Jack Sharkey. August 29, 2013.

Without the Foley artist, movies would be, well, boring. And very quiet. Field recording during filming is good for picking up dialogue, but even the most expensive microphones are not capable of recording sound in an uncontrolled environment in the same way as the human ear hears them–because of that incredibly powerful Signal Processor called the human brain. Add to that the expectations we movie fans have about how our favorite films sound and you get the unheralded Foley artist.

Sound field design ranges from knocking two coconuts together to simulate the sound of Moe smacking Curly and Larry's heads together, to filling a soccer stadium with people and asking them to chant, as Peter Jackson did for the Lord of the Rings

Foley, the specific art and science of sound field design for movies, is named after Jack Foley, who offered his radio experience to Universal Studios in 1927. Warner Brothers had recently released the first film to include sound (the talkie) and Universal knew if it was going to compete it was going to have to release a film with sound as soon as possible. At the time, Universal was in production on the silent film "Showboat" which was turned mid-production into a talkie. Foley's crew projected the film on a screen and added the sound effects in real time, making sure each door slam or footstep was in perfect synch with the on-screen action. Foley continued as a pioneer in the field of motion picture sound field design until his death in 1967.

 

Watch this short video clip of the Three Stooges:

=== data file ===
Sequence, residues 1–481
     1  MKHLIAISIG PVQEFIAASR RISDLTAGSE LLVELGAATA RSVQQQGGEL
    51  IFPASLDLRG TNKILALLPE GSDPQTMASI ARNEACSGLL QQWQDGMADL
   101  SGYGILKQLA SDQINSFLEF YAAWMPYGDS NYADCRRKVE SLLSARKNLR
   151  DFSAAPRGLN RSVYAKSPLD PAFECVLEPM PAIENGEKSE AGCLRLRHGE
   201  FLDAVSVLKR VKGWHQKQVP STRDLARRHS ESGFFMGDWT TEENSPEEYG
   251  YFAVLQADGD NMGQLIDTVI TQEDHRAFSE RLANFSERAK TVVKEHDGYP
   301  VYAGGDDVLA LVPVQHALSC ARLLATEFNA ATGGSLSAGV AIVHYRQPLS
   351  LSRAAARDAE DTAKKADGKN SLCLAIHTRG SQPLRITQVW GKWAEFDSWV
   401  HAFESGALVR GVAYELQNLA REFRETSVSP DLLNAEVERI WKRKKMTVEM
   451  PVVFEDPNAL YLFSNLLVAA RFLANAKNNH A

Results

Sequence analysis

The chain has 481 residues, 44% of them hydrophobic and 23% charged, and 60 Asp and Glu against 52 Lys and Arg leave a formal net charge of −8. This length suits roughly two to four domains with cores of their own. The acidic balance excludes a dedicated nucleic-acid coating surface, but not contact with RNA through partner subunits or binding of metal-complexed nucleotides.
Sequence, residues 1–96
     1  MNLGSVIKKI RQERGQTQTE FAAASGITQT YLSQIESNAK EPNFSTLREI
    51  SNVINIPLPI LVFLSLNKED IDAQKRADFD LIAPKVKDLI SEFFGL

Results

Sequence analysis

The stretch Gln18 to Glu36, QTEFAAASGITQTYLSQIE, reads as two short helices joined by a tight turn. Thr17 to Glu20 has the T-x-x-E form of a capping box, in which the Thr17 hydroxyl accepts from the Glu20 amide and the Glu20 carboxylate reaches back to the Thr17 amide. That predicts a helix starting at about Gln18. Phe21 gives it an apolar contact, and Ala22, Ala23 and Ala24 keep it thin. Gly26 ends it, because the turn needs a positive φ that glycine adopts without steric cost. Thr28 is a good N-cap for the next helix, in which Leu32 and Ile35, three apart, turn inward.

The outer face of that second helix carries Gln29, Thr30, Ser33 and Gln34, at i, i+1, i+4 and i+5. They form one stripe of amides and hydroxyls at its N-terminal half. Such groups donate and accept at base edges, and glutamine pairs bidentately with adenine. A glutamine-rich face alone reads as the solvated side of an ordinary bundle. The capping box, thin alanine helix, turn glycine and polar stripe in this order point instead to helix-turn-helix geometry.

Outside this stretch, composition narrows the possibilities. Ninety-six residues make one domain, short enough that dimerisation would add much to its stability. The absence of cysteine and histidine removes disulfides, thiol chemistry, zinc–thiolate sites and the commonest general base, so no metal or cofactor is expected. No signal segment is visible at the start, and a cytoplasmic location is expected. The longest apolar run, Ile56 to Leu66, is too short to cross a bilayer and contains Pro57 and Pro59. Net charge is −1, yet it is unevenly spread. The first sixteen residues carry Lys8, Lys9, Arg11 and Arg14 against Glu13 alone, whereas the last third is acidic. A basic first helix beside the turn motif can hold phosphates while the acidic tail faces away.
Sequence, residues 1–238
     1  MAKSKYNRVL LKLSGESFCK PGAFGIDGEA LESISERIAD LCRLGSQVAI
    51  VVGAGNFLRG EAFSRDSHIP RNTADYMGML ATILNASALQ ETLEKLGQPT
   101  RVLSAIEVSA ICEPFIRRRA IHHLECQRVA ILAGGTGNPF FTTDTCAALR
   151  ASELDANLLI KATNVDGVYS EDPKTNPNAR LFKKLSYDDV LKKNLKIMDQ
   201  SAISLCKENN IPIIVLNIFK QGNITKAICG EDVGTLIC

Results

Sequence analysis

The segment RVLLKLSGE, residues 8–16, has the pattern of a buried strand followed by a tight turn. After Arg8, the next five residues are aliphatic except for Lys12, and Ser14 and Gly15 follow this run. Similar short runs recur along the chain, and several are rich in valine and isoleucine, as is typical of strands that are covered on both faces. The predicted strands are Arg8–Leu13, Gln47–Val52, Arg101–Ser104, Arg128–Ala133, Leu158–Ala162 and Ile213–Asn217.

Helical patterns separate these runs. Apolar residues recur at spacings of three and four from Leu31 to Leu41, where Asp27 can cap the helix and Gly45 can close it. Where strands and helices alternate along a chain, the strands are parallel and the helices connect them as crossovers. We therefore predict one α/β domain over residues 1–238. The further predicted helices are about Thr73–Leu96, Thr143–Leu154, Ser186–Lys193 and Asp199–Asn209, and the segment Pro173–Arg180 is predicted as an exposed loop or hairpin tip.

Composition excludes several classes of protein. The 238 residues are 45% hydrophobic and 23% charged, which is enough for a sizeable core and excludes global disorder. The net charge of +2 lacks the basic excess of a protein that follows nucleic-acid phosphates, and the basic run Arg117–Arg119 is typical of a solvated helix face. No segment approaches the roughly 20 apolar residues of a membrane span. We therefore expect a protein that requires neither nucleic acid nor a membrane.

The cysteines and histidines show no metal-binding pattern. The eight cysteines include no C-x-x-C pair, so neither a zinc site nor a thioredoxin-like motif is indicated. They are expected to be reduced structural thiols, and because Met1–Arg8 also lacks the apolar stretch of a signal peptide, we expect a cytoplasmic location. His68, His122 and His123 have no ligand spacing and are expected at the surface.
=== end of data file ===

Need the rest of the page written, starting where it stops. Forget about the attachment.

Notice how the Foley artists only used one way to mimic the sound of the mud slap. As you watch the video, take a mental note that regardless of distance or energy (or what surface the mud hits), each and every mud slap sounds exactly the same.

 

Now watch the clip again.

 

This time, you knew the slaps were fake, and your perspective of what you were watching completely changed.

 

The fun thing about sound effects is that most of the time your brain will not question what it's hearing in relationship to what it's seeing. Then, once the unnatural connection is pointed out, you cannot "undo" the information, changing your enjoyment of what you're seeing and listening to.

 

In this clip, we get some fascinating insight into the sound field design of the first Indiana Jones movie:

So the next time you watch a movie and it sounds great, thank your friendly neighborhood Foley artist.

 

The opinions expressed in this piece are the author's own and do not necessarily reflect those of KEF or its employees.